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"The Ground Breaking: An American City and Its Search for Justice"

Aired on Tuesday, May 18th.

We're pleased to speak once again with the University of Michigan-based historian and bestselling author, Scott Ellsworth, whose books include "The Secret Game," "The World Beneath Their Feet," and "Death in a Promised Land," the last-named being his account of the 1921 Tulsa Race Massacre, a pioneering text which first appeared in the 1980s. Originally from Tulsa, Ellsworth has just published an all-important follow-up to "Death in a Promised Land," which he tells us about. "The Ground Breaking" -- appearing just in time for the 100th anniversary of the tragedy -- reveals the story of how the massacre was covered up, and thereby details how official records were "lost," various pieces of evidence disappeared, researchers were threatened, and the worst incident of racial violence in American history was kept hidden for fifty-plus years. But Ellsworth also profiles the courageous individuals who fought to keep this history alive, remembered, and present. Importantly, "The Ground Breaking" also recounts the archaeological, socio-political, and civic efforts to locate the unmarked graves of the victims of the massacre; moreover, it documents the ongoing fight to win restitution for the survivors and their families. Per a starred review of this work in Publishers Weekly: "Historian Ellsworth delivers a riveting investigation into the origins and aftermath of the 1921 Tulsa race massacre.... Interviews with survivors and reflections on the debate over reparations and the social, economic, and racial divisions of modern-day Tulsa add depth to [this] portrait of a community attempting to heal from an unimaginable injustice. This eloquent, deeply moving history isn't to be missed."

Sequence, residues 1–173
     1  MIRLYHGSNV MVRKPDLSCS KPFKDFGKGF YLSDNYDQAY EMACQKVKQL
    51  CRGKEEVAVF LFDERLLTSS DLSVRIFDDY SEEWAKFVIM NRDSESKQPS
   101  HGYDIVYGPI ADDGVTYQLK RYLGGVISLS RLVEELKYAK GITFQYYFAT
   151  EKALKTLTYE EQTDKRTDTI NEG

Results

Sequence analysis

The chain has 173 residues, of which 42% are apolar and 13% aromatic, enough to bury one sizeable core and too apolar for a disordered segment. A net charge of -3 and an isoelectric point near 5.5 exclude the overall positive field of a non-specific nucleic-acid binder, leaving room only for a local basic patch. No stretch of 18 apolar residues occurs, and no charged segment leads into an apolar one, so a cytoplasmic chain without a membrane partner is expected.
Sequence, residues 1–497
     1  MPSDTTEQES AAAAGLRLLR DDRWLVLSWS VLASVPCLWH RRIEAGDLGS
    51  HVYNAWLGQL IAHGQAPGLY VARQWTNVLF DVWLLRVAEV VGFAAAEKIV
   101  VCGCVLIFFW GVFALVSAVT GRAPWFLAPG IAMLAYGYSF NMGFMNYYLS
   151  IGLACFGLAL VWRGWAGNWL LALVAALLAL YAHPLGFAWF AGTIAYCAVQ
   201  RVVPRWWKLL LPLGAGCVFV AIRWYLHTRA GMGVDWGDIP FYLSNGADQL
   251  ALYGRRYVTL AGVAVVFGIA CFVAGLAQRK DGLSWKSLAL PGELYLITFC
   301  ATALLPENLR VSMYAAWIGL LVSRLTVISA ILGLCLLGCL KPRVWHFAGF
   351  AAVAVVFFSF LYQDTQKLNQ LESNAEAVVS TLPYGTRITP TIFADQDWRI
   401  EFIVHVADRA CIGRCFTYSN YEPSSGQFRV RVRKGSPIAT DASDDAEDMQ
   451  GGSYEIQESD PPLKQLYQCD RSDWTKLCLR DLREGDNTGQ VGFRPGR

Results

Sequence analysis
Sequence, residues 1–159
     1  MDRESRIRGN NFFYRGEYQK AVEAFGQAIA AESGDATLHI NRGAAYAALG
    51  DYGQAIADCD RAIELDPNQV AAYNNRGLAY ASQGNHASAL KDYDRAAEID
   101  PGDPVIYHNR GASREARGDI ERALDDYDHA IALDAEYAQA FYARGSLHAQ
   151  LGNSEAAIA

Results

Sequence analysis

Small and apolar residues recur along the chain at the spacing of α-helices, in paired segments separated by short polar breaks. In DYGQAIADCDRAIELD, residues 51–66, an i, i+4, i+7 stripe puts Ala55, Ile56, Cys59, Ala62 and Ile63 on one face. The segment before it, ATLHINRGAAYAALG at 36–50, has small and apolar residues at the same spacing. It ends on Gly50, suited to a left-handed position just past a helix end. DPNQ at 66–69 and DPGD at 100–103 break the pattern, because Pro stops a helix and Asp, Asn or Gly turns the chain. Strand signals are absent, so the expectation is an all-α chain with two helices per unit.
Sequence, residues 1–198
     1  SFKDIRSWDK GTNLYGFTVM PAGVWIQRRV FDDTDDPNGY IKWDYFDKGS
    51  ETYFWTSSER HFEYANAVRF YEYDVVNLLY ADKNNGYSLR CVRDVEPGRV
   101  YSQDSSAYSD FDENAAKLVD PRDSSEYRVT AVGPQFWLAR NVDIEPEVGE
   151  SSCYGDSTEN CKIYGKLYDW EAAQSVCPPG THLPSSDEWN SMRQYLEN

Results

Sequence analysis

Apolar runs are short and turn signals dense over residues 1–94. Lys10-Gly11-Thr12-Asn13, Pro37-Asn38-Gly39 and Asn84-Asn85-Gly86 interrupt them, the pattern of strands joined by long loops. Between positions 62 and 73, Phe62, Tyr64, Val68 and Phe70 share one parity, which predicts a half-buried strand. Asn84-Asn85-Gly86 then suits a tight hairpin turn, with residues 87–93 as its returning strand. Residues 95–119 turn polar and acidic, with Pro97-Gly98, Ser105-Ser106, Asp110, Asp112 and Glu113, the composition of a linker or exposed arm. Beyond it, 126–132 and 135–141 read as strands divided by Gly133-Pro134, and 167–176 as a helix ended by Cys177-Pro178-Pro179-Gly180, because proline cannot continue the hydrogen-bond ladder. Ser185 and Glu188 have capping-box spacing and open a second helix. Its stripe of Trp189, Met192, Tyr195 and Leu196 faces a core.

Rich Fisher passed through KWGS about thirty years ago, and just never left. Today, he is the general manager of Public Radio Tulsa, and the host of KWGS’s public affairs program, StudioTulsa, which celebrated its twentieth anniversary in August 2012 . As host of StudioTulsa, Rich has conducted roughly four thousand long-form interviews with local, national, and international figures in the arts, humanities, sciences, and government. Very few interviews have gone smoothly. Despite this, he has been honored for his work by several organizations including the Governor's Arts Award for Media by the State Arts Council, a Harwelden Award from the Arts & Humanities Council of Tulsa, and was named one of the “99 Great Things About Oklahoma” in 2000 by Oklahoma Today magazine.
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